2. Sentence Structures

In this lesson, you’ll learn to understand Korean sentence structures and how to build Korean sentences step by step. Besides, you will see how different Korean language is compared to your language. Let’s take our first step into becoming a native Korean.

Sentence Structures

Korean sentence structures are built in a whole another way than English sentence structure. To make a subject,  a verb or an object, the positions of each word don’t matter much. And it’s because Korean grammar uses something special called Markers or Particles to make the sentence components.


*Technically, the terms Markers and Particles are both wrong in real Korean grammar. Those terms are used to help foreigners understand Korean Grammar better. The real Korean term is 조사(helping word).

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Word Position in Korean grammar

Do you know Koreans can distinguish the subject or object no matter where it’s placed? Yes we CAN, because the word position is not so important in Korean grammar to indicate what’s a subject or an object. Hmm… Then, how do they know what’s what? That’s what you will master today with Korean Jun. Let me teach you with a nice natural Korean sentence.


I eat popcorn


And… I told you the position is not important. Many other Korean lessons teach you it’s important but that’s not true. Of course there is a natural order that is commonly used but when the sentence is long enough or when you talk to native Koreans, you will see it’s really not much important unlike English.


popcorn I eat


먹어요 팝콘
I eat popcorn


popcorn eat I


They all exactly mean ‘I eat popcorn’ even it sounds a bit not natural. But how?


Because Korean grammar uses something very unique called ‘particle’ or ‘marker’ to tell which one is a subject or an object. Let’s take a look for a sentence in details.


저 means I
팝콘 means popcorn
먹어요 means eat
Then what are 는 and 을?


The words 는 and 을 are something that never can be translated into your language at least if you speak any European language. That is what I’m talking about. Something very unique. The ancient mysterious secret of far East Asia: The markers (or particles. As mentioned before, both aren’t a real term in Korean anyway). It’s used to mark what is the subject or object in a sentence. That’s how Koreans can tell what’s the subject or the object no matter where they are.

Oh btw, you will learn about particles a bit later. So, just try to understand only how Korean sentences work this time.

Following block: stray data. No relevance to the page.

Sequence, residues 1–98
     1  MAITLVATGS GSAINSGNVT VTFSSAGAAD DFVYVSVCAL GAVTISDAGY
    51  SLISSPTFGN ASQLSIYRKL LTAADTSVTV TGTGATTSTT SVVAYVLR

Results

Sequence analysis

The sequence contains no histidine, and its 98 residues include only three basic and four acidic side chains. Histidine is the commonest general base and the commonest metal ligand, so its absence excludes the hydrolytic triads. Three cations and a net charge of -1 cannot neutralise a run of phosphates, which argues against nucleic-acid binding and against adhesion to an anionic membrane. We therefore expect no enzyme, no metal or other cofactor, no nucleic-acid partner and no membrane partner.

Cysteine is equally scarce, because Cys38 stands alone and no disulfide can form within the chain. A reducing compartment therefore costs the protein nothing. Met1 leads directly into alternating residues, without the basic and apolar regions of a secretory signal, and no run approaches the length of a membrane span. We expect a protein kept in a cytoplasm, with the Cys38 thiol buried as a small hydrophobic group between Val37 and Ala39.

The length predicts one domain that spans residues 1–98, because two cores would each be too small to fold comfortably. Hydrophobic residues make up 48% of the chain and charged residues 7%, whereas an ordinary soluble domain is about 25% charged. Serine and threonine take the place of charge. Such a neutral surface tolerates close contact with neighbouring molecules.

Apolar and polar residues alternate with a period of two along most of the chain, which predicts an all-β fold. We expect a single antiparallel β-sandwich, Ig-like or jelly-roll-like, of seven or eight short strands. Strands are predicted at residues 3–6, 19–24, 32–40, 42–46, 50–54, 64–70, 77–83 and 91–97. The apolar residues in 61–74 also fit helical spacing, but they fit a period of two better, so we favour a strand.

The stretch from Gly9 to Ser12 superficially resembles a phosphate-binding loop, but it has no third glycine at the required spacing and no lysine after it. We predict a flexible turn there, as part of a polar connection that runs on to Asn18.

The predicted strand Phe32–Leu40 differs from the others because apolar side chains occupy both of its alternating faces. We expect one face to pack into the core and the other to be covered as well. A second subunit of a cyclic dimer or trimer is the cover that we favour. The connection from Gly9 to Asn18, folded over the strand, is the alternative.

Examples for Markers / Particles

한국어 공부해요
I study Korean
= 는 makes a subject (normally), 를 makes an object (always)


치킨 맛있어요
Chicken is tasty
= 은 makes a subject too


제 강의 재미없다고 말하지 말아주세요 흑흑
Please don’t say my lesson is not funny sob sob
= 가 also makes a subject too. Of course, there are rules for those.


Can I Ignore Word Positions?

That’s a really great question and the answer is nope. Of course the positions are often ignored by native Koreans. But, Korean grammar has a natural way to put them in order.


Subject + Object + Verb


Buuuut, I repeat, you must always remember that the order is often ignored. Sometimes Koreans just switch the order often in a casual conversation.


먹을래요 팝콘!
I’m going to eat popcorn!


Why does it happen? The reason is Korean grammar doesn’t have the impersonal pronoun such as ‘it’ in English. Korean grammar just skips the constituent of sentence when they have to use ‘it’ and say the object later to emphasize what it is. Or it’s just when they forget to say the object. lol. Second one happens so often because of the unique feature that Korean grammar has. (Or they just switch them because they can)

Sentence With No Object?

Making a Korean sentence without an object is same to English. Subject first and then verb.


Subject + Verb
I run


You don’t need an explanation for sentence structures right? EASY! But, only word positions are same here. A marker still decides the constituent of sentence. That’s how Korean grammar works!

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How To Use

저는 청소하고 있어요
I’m cleaning


준씨는 매일 노래해요
Jun sings everyday


비가 그쳤어요
rain stopped


어제 저는 피자 먹었어요
I had pizza yesterday


우리 열심히 공부해요!
Let’s study hard!